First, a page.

Penn Law Professors Blast University’s Sexual-Misconduct Policy

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Another Ivy League university is facing criticism from its own law professors over school procedures for handling sexual-assault complaints against students.

A group of 16 University of Pennsylvania Law School professors has a signed a letterdecrying the university’s new sexual-misconduct policy, which they say fails to protect the rights of the accused. The letter, which was made public Tuesday, comes on the heels of a similar protest by professors at Harvard Law School.

Among their concerns, the Penn professors say they’re troubled that accused Penn students are now barred from having a lawyer cross-examine witnesses against them.

The legal scholars also fault Penn’s administration for lowering the evidentiary standard of proof for deciding claims, changing it from “clear and convincing” to a “preponderance of evidence.” The latter is typically used in civil suits for monetary damages following a trial. A three-member panel of faculty members can hold a student responsible for alleged sexual misconduct — and impose sanctions including expulsion — with a 2-1 vote.

A spokesman for Penn’s administration defended the university’s policies.

“We developed a process that we believe to be fair and balanced, that will both provide a sensitive and effective process for those wishing to make a complaint, while actively protecting the rights of the accused,” Ronald Ozio, the Penn spokesman, told Law Blog.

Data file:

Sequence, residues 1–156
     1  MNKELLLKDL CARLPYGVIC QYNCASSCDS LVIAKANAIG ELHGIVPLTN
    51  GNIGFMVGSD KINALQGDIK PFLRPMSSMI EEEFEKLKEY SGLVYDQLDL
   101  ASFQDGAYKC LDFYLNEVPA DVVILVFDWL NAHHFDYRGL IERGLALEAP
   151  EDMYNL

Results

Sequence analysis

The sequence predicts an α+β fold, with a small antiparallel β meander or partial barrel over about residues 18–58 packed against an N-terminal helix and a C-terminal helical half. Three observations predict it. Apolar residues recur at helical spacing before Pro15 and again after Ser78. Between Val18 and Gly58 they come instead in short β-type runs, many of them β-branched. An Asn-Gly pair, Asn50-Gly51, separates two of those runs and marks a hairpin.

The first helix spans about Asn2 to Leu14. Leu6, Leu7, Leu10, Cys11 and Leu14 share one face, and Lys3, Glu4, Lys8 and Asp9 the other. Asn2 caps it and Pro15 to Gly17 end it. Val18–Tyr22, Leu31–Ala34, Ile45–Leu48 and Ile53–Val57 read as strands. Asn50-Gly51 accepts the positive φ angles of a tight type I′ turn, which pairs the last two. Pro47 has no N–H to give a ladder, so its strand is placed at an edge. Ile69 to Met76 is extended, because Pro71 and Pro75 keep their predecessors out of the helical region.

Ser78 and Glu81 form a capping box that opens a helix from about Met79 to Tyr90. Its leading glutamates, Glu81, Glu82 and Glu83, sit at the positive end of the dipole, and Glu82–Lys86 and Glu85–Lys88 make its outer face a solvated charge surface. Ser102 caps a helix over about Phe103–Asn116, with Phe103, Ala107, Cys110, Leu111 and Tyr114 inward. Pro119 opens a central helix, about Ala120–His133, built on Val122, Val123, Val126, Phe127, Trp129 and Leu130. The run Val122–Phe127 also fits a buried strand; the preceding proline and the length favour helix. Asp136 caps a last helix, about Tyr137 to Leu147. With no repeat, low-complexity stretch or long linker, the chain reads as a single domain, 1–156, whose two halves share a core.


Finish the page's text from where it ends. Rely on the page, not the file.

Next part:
He said the university consulted law school faculty about the policy before it was approved by university deans and trustees. It went into effect Feb. 1.

The letter, which was signed by about a third of of Penn law school’s tenured and tenure-track faculty, says the university’s policy concentrates too much power in the hands of a “Title IX” investigator employed by the school who conducts investigations and makes recommendations to hearing panels. The law school’s incoming dean,Theodore Ruger and his predecessor weren’t among those who signed the letter.

In guidance letters to universities, the U.S. Department of Education’s Office of Civil Rights has instructed schools to use the preponderance of evidence standard in making sexual-misconduct determinations.

Penn itself isn’t among the dozens of colleges identified by the agency as being under investigation or their handling of sexual abuse complaints.

The Penn professors say by pressuring schools to change their disciplinary procedures, the Obama administration has effectively created a new regulation under Title IX, which prohibits gender discrimination at schools receiving federal funds, without going through the usual rule-making process.

“Our concerns about fundamental fairness are not academic or theoretical in nature,” says the Penn letter, which was reported by the Philadelphia Inquirer. “There are documented cases of a rush to judgment on charges of sexual misconduct at universities, including the Duke Lacrosse case and the recent events at the University of Virginia.”

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